The cable 32 preferably includes ducts or vents 62 to allow air to be introduced into the housing 52 of the ultrasonic drive unit 50 to cool the transducer assembly 40 of the acoustic assembly.

The housing 52 of the ultrasonic drive unit 50 is preferably constructed from a durable plastic, such as UltemŽ. It is also contemplated that the housing 52 may alternatively be made from a variety of materials including other plastics i.e. liquid crystal polymer (LCP), nylon, or polycarbonate!. A suitable ultrasonic drive unit 50 is Model No. HP050, available from Ethicon Endo-Surgery Surgery, Inc.

The acoustic assembly of the surgical instrument generally includes a first acoustic portion and a second acoustic portion. The first acoustic portion is preferably carried by the ultrasonic drive unit 50, and the second acoustic portion (in the form of a waveguide and end-effector, as will be described) is carried by the ultrasonic clamp coagulator apparatus. The distal end of the first acoustic portion is operatively coupled to the proximal end of the second acoustic portion preferably by a threaded connection.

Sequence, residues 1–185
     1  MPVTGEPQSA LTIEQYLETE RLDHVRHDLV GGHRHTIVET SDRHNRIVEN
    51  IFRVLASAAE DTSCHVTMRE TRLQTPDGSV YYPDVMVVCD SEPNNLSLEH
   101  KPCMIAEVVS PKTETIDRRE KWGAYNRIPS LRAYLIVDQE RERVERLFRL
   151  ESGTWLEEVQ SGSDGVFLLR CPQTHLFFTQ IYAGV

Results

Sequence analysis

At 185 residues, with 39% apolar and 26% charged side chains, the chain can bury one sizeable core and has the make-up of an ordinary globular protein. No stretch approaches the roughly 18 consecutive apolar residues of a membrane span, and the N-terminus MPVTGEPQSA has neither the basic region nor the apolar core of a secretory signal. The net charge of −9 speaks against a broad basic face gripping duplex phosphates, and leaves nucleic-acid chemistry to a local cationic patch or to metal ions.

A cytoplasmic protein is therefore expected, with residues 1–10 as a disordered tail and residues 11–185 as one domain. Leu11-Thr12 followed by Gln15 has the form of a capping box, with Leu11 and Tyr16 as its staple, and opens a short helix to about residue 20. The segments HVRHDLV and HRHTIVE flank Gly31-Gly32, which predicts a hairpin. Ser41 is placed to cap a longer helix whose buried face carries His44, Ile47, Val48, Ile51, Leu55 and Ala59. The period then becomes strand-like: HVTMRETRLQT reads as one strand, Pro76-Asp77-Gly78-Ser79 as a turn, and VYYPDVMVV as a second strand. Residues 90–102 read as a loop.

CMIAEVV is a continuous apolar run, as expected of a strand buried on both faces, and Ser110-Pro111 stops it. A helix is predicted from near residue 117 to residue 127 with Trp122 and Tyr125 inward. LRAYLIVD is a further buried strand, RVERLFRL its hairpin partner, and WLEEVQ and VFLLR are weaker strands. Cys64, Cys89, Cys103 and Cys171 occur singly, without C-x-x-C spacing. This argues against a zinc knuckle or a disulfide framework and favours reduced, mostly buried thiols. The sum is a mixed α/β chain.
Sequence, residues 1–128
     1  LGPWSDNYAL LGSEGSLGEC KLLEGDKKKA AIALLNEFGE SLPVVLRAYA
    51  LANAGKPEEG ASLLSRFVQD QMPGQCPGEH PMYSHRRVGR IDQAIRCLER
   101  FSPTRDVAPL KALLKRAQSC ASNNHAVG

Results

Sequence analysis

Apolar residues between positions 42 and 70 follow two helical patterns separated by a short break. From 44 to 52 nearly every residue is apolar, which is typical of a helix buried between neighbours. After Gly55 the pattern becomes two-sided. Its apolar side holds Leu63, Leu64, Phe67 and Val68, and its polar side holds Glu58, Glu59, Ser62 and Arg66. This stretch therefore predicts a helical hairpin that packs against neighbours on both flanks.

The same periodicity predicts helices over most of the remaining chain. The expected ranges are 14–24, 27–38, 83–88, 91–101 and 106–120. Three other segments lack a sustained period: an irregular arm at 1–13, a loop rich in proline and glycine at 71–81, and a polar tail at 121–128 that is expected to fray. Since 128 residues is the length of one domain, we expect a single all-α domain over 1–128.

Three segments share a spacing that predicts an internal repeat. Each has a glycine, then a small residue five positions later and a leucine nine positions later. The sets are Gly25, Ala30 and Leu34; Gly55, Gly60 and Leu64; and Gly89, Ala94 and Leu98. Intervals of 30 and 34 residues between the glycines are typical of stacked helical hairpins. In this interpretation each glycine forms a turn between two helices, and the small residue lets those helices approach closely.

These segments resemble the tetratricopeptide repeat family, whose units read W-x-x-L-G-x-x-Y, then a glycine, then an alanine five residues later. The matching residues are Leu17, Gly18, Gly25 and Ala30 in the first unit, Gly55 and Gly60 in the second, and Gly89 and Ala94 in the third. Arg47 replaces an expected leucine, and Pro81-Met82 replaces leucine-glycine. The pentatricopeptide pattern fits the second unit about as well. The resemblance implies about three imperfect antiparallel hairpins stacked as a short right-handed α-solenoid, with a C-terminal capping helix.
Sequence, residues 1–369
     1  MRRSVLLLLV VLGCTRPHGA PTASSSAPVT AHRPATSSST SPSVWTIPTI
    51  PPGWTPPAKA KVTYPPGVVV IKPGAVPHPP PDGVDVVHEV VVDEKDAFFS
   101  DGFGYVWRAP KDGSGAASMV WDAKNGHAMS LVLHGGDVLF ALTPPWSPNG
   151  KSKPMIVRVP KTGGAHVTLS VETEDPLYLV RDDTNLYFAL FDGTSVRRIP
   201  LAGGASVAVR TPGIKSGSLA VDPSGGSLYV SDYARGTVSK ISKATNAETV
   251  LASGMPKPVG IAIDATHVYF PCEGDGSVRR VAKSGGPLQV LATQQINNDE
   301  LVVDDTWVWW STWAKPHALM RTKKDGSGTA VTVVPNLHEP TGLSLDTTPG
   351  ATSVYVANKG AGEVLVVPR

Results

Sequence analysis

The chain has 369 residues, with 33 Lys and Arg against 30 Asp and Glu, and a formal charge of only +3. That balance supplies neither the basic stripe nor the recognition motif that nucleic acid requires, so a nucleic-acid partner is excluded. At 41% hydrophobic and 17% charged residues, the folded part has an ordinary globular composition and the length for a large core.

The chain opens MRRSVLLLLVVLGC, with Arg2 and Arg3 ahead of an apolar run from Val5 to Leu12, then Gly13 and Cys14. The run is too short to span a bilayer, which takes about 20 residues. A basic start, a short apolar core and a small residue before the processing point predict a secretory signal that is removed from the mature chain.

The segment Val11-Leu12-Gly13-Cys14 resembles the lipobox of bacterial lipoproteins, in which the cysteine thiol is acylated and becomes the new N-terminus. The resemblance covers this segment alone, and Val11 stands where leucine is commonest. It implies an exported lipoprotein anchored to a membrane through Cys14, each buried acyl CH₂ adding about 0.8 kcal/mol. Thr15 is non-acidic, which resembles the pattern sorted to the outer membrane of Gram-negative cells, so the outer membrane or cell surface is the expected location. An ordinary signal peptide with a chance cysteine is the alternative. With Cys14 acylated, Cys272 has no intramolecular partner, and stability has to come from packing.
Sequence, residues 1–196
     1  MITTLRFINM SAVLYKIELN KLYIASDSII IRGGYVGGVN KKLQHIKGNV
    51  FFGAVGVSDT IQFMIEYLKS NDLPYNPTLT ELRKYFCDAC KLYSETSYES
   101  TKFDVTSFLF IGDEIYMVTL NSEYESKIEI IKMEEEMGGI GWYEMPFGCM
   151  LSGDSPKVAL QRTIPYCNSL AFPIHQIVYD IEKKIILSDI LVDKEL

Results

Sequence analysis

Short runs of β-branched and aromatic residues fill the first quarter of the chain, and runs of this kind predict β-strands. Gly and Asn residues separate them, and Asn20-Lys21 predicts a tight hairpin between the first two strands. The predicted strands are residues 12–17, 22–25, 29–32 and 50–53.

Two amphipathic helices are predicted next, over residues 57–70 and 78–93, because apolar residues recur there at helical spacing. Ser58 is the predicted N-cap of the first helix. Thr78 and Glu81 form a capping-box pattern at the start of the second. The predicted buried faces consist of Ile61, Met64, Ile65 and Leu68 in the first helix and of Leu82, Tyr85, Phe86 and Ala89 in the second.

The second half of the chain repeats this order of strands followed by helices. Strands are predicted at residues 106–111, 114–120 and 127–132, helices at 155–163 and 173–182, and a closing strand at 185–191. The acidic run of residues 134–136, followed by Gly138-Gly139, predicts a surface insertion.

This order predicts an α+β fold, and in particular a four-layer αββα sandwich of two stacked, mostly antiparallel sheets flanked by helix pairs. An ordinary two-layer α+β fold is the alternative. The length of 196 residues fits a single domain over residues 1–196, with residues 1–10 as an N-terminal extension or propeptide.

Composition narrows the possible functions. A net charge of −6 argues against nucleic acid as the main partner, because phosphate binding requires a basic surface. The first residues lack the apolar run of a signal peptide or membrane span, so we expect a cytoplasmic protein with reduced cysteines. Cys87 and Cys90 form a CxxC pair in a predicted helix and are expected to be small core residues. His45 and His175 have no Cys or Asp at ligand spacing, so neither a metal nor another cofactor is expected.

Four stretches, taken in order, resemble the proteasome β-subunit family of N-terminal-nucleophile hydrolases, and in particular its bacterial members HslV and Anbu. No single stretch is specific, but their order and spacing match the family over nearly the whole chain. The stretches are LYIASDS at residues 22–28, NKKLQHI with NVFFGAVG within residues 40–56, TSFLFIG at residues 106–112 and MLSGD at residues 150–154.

As shown in FIG. 3, the first acoustic portion includes the transducer stack or assembly 40 and a mounting device 84, and the second acoustic portion includes a transmission component or working member, referred to herein as a waveguide having an end-effector.

The components of the acoustic assembly are preferably acoustically tuned such that the length of each component is an integral number of one-half wavelengths (nλ/2), where the wavelength λ is the wavelength of a preselected or operating longitudinal vibration frequency f0 of the acoustic assembly, and n is any non-negative integer. It is also contemplated that the acoustic assembly may incorporate any suitable arrangement of acoustic elements.